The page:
These spinner dolphins, commonly named golfinho rotadores in Portuguese, are known for their spectacular jumps. They can perform up to seven spins during the same jump. An impressive amount of them can be seen from the observatory at the top of the cliff, some 50 meters above the sea.

Every morning, the employees of the Projeto Golfinho Rotador organization count the dolphins to monitor their progress. Daily, on average, 315 dolphins reach the bay to breed, care for their young, or seek shelter from shark attacks. At times, one can even count up 2,000 dolphins. Noronha has the largest spinner dolphin count and population density in the world, in a single place.

Turtles beach

Baia do Sueste is at the other end of the island and sea turtles come there to lay their eggs between December and June. Nests are protected by the Tamar Project patrol (Projeto Tamar). You can see turtles here throughout the year if you swim beyond the bay’s surf, equipped with a mask, snorkel and fins.


All year round in Noronha, you can have great quality dives, thought to be some of the most magnificent of the South American continent. The water has a pleasant average temperature of 26°C. The visibility is outstanding, ranging from 25 to 45 meters. During the months of September and October, the visibility is at its best. Although you won’t find coral or macro life here as it exists in the Indian Ocean, the underwater world of Noronha is mainly interesting for its volcanic rock formations, narrow passageways, tunnels and caves, making it a very special place. Marine species are generally very large and quite numerous. It is not uncommon to encounter dolphins underwater, and if you miss them there, you can often see them swimming alongside boats.

Sapata Cave

The magnificent Sapata Cave has a very wide entrance with which a little imagination makes you think of a mouth. A large grouper lives within the entrance, and although it still appears to be quite young, it already weighs over a hundred kilograms (220 pounds).


During each dive, large stingrays are visible. Barrel sponges are very common.Reef sharks and nurse sharks can be met mainly in the superb reef of Pedras Secas. Sometimes, during a night dive, you can even come across a turtle sleeping under a rock. There are many schools of fish, and on occasion, you can see manta rays and hammerhead sharks.


The Corvette Ipiranga V17 wreck is that of a Brazilian Navy warship that sank in 1982, after hitting a rock that did not appear on any map. She drifted and sank during an eight-hour stretch, reaching the seabed at 62 meters deep (203 feet) in perfectly straight position. She remains in excellent condition.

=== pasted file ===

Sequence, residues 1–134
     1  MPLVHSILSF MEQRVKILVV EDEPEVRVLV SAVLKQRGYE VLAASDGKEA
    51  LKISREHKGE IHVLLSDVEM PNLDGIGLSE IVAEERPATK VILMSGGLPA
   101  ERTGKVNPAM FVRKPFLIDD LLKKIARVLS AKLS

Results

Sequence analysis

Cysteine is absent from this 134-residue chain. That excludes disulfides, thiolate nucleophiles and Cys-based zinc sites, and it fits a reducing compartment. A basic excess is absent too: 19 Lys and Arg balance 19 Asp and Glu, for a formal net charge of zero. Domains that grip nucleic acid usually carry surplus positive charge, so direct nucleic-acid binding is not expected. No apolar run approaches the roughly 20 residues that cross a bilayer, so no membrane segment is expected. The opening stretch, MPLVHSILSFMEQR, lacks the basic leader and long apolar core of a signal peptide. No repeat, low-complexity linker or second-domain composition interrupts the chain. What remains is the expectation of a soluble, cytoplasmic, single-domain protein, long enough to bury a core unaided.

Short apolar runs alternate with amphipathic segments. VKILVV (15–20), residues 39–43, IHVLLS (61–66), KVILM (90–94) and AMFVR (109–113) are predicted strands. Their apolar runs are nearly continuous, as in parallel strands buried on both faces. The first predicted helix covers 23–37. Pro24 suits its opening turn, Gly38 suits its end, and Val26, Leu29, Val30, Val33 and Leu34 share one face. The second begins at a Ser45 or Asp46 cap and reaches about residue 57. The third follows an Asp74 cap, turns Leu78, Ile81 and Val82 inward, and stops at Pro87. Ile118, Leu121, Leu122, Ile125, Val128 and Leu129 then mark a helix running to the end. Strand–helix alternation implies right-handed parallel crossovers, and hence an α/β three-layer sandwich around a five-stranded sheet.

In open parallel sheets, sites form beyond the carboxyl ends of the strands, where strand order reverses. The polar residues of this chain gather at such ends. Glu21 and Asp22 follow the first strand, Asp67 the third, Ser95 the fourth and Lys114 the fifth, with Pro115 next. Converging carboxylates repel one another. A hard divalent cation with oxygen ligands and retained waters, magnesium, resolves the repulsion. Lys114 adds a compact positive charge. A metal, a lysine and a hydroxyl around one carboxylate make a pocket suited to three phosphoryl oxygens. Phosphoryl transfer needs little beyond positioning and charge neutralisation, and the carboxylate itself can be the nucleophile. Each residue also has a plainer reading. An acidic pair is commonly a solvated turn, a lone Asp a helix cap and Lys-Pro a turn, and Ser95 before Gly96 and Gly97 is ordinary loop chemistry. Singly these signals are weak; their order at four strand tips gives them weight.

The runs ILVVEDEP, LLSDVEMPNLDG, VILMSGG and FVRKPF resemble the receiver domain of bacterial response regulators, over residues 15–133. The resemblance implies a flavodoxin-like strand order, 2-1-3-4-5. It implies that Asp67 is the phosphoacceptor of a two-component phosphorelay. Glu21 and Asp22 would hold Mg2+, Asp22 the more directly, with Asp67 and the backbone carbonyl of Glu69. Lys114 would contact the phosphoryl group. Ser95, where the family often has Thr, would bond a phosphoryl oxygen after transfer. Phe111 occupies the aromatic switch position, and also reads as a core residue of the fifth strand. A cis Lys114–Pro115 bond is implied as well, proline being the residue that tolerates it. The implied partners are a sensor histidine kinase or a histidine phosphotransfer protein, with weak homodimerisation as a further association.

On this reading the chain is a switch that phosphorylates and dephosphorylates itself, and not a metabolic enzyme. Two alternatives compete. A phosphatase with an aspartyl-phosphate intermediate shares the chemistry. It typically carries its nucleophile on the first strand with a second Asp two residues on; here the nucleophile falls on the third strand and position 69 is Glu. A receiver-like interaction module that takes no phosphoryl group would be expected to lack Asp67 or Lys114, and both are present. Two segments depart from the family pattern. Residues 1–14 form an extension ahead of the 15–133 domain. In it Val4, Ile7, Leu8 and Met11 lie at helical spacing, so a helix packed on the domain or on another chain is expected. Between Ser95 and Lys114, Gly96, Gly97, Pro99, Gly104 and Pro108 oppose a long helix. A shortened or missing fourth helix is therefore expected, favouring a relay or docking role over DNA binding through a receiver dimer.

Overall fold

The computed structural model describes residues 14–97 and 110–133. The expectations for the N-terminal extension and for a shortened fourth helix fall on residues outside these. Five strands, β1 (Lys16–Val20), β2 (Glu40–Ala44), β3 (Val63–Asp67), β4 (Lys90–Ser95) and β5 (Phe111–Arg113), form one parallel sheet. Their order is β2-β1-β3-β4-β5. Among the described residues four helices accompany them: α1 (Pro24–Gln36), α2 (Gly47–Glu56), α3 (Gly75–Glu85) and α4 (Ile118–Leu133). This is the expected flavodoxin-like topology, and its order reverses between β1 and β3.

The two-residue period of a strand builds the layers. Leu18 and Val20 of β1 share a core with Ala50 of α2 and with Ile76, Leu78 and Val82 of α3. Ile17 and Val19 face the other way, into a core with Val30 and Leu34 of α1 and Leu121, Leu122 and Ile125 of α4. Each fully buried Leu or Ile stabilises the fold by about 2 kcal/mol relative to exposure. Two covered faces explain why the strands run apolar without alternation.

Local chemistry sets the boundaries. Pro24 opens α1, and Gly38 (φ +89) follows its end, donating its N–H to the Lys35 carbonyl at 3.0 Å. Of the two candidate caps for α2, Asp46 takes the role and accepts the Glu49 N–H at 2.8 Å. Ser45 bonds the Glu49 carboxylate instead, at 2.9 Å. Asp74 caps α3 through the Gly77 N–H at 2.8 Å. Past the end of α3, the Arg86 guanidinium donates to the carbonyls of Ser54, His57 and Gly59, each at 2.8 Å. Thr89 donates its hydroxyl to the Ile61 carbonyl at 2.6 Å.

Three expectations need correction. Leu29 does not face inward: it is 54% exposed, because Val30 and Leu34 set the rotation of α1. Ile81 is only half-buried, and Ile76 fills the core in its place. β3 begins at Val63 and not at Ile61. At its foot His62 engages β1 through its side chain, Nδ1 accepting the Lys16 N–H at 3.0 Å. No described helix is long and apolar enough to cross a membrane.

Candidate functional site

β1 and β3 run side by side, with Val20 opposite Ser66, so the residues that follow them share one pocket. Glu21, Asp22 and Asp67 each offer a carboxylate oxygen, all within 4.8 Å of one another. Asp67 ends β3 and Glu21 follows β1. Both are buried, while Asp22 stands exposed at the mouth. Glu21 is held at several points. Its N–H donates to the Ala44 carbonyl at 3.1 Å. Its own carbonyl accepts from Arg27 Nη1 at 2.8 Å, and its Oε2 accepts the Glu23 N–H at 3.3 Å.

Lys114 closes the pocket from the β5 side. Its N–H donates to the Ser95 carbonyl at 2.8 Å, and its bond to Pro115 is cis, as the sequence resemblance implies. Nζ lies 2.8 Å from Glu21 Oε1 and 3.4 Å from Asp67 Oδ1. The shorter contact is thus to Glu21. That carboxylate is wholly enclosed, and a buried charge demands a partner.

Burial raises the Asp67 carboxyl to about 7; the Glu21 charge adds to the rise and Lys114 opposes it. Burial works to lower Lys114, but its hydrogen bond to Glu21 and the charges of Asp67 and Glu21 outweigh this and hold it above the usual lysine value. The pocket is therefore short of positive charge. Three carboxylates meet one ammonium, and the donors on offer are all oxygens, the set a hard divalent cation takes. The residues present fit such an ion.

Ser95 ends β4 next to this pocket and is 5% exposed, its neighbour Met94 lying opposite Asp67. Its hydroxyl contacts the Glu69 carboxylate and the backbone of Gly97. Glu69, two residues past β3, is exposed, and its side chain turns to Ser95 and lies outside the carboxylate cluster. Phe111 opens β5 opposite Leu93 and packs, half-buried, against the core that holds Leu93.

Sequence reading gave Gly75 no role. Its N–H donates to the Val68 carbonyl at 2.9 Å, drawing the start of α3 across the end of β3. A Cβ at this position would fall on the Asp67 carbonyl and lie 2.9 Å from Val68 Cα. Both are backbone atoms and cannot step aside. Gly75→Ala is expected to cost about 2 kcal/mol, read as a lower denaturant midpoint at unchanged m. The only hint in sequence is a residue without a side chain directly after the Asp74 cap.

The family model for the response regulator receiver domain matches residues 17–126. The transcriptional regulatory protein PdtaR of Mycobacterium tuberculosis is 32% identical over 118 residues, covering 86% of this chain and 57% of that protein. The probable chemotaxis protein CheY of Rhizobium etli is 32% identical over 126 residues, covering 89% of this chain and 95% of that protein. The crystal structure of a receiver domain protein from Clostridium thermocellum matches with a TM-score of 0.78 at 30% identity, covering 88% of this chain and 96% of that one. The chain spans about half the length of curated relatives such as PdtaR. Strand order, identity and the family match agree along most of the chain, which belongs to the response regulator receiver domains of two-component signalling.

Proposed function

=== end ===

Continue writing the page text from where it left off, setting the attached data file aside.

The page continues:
Diving into the wreck requires trimix, which can be relatively expensive, and requires very accurate preliminary training. On the wreck’s deck, there is still a heavy machine gun.

In Noronha’s port, there is another wreck which is accessible by snorkeling as it is only about six meters deep (20 feet). These are the partial remains of a Greek ship named Eleana Stathatos that sank in 1929.

Fernando de Noronha is a model of environmental preservation. The tourist industry remains limited due to the small infrastructure and means of access; there are only two medium sized planes landing there every day. This place has a unique charm as a result of all these factors, making it a true jewel of nature and a true delight to the eyes.

Dive clubs and tourism info

There are only three dive clubs in the small archipelago. The nicest and most professional one, with the best ships, is Atlantis Divers owned by Patrick Muller. The two others are Noronha Divers and Aguas Claras. If you don’t speak Portuguese, take a dictionary with you to Noronha, because locals do not speak English. You can also get in touch with Adriana Schmidt from Your Way travel agency in Noronha. She’s a great guide and perfectly fluent in English. She can help you with any kind of reservation on the island. Email her at:

Michel Braunstein is a Belgian underwater photographer and dive writer based in Israel. For more information, visit:



Press releases from Divers Alert Network (DAN)